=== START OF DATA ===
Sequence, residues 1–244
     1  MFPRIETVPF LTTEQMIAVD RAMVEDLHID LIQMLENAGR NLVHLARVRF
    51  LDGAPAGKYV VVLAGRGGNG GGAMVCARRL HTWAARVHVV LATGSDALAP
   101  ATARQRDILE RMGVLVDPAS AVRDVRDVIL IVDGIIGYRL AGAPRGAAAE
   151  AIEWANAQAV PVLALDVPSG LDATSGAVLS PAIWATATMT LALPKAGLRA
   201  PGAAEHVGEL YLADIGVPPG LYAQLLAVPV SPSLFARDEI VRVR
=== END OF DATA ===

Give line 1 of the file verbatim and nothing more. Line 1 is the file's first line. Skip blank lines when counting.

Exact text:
Sequence, residues 1–244